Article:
The assignment was simple — a presenter was to deliver an upbeat online news package about Pakistan being a safe country to host international sporting events. 

“With clapping hands and cheering crowds, with beating hearts and smiling faces, international cricket is back in Pakistan,” said a man, dressed in a cricket jersey, to camera. The three-minute video was uploaded to the Facebook account of a news organization called CJ Post, which has 316,000 followers, and was posted hundreds of times on Twitter.

There was only one problem: CJ Post is not a real news outlet and the presenter is not a journalist, but an actor.

“Andrew Hamilton,” who has appeared in multiple videos shared by CJ Post, is a fictional newsreader played by a Cuban-born American man hired on the freelance platform, 

Hamilton, whose profile gives only his first name, Luis, has a 5/5 rating on Fiverr, based on nearly 2,000 reviews. He offers script-reading and voiceover services for prices starting at around $25 per appearance and has also appeared as a news presenter in a number of U.S. TV shows, including “NCIS New Orleans” and “From Dusk Till Dawn.”

The video was exposed as being part of a soft power disinformation campaign on June 3, after Facebook removed a network of 40 profiles, 25 pages, six groups and 28 Instagram accounts for violating its policy on “coordinated inauthentic behavior.” Some of the pages — including Pakistan Media Check, Islamabad Press and Asal Baat (Real Talk) — posed as international news organizations and often featured professional script readers acting as news presenters. The majority of pages, which were followed by 800,000 Facebook accounts, were created in 2020 but some had operated since 2011.

“This network appeared to be active across multiple internet services and posted about news and current events in the region, including the ongoing global pandemic; criticism of India and its treatment of Muslims, particularly in the Kashmir region; and also supportive commentary about Pakistan,” read a Facebook report on the network.

The network of pages has been investigated by the U.S.-based social media analysis firm Graphika in a detailed new report. The research reveals that the purported news media outlets published video and text stories about Pakistani politics and current affairs in English, Arabic, Pashto, Urdu, German, French and Russian. 

According to Graphika, many of the stories shared by at least half the fake media outlets were uploaded by employees of an Islamabad-based digital marketing firm, Alpha Pro. The company hired actors and voice-over artists to push a positive image of Pakistan, highlight criticism of India and promote the government-backed China Pakistan Economic Corridor (CPEC) investment project.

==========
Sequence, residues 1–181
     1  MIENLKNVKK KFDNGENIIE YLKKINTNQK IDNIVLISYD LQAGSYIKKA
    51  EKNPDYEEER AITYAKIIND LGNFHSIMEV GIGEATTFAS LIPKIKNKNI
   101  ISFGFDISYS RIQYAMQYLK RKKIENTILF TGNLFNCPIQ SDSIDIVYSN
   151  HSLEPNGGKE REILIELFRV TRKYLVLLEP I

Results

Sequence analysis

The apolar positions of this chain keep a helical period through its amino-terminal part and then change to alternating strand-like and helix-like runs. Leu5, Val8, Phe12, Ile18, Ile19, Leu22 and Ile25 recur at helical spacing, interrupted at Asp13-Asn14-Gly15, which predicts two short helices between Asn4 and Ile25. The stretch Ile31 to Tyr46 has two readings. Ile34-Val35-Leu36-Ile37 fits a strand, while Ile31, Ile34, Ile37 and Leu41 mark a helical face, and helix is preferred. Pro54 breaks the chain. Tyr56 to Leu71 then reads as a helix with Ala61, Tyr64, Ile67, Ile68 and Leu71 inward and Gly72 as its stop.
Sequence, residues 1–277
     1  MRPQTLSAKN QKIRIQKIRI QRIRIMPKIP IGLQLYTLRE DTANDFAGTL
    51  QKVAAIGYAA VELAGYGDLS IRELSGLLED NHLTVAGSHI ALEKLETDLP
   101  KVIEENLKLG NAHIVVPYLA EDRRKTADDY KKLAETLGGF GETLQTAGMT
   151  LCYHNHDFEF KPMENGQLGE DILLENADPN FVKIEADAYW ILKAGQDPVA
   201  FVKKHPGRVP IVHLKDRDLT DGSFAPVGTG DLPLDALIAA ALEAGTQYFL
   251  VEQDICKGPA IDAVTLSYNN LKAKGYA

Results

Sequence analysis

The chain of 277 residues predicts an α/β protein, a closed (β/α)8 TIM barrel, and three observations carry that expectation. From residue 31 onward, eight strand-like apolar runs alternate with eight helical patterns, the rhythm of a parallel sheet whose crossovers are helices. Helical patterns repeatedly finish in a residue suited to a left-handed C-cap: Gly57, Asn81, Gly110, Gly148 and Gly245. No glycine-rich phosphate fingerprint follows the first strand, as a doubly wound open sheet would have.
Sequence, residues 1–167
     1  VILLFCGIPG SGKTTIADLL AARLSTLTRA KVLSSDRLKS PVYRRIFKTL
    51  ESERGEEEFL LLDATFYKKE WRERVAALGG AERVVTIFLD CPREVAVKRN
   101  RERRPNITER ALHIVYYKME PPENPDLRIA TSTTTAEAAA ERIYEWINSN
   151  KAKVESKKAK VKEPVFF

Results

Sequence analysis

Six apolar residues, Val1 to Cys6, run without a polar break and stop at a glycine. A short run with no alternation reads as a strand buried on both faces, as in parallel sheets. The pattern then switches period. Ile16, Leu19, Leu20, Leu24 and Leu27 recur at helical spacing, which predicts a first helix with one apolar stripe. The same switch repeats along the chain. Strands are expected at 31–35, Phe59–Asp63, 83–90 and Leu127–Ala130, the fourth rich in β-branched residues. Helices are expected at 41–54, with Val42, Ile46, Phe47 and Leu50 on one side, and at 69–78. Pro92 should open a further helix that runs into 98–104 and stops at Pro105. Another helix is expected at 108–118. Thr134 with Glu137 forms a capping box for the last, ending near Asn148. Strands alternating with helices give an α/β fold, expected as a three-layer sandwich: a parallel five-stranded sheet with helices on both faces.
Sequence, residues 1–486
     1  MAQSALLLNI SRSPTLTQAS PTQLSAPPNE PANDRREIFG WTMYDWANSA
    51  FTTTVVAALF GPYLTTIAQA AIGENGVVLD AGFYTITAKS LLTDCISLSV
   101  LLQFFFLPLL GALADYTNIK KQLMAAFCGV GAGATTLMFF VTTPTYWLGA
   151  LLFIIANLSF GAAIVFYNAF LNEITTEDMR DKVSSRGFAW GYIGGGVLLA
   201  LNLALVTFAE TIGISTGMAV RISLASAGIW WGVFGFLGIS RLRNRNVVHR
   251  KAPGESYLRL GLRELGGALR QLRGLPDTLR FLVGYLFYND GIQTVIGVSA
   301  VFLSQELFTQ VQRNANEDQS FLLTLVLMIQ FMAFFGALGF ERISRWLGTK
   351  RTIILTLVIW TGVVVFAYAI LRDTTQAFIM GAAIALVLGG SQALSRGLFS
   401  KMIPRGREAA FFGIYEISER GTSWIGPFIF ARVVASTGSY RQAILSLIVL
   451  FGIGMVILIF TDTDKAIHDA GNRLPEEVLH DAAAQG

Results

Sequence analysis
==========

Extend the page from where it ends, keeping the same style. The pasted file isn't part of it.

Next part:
According to Jack Stubbs, director of investigations at Graphika, such practices help PR companies to further their client agendas while preserving some degree of anonymity. “Outsourcing the work is often easier and safer for political actors who want to remain one step removed from the hands-on-keyboard operation.” 

“All this shows how political groups can trade on the values of a free press to covertly advance their own interests,” he added.

AlphaPro’s clients include the Pakistan military’s media wing, Inter-Services Public Relations (ISPR), state-owned Chinese infrastructure firms, NGOs, universities and other government agencies. Following the report’s release, the PR firm removed ISPR from its list of client roster.

Graphika also identified at least four former and current AlphaPro employees who worked for ISPR before joining the company. 

According to local media reports, AlphaPro has described allegations of running an influence campaign “baseless.” 

Speaking on condition of anonymity, one of the freelancers hired from Fiverr for a news outlet run by AlphaPro told me that she was “not aware” that her face had been used in a propaganda exercise. 

Responding to a request for comment for this story, a Fiverr spokesperson provided an email statement that read, “It is against our terms of service and community standards to allow anyone to create and/or promote intentionally misleading information or propaganda that is developed and presented as authentic news.”

The findings about the fake news network come in a turbulent period for the media in Pakistan. Earlier this month, freelance journalist Asad Ali Toor was assaulted in his home in Islamabad by unidentified assailants. Toor is known for his criticism of Pakistan’s powerful military. In a related incident, journalist Hamid Mir was taken off air by the privately owned satellite channel Geo News after he made critical remarks about the military at a press freedom protest over Toor’s assault. 

Digital rights activists believe the soft power campaign is only the latest example pointing to a worsening climate for journalists in Pakistan. “This influence operation is a tactic that seeks to fulfil the government’s desire of ‘positive coverage’ when the role of the press is to hold the state accountable,” said Usama Khilji, director of Bolo Bhi, a Pakistan based digital rights organization.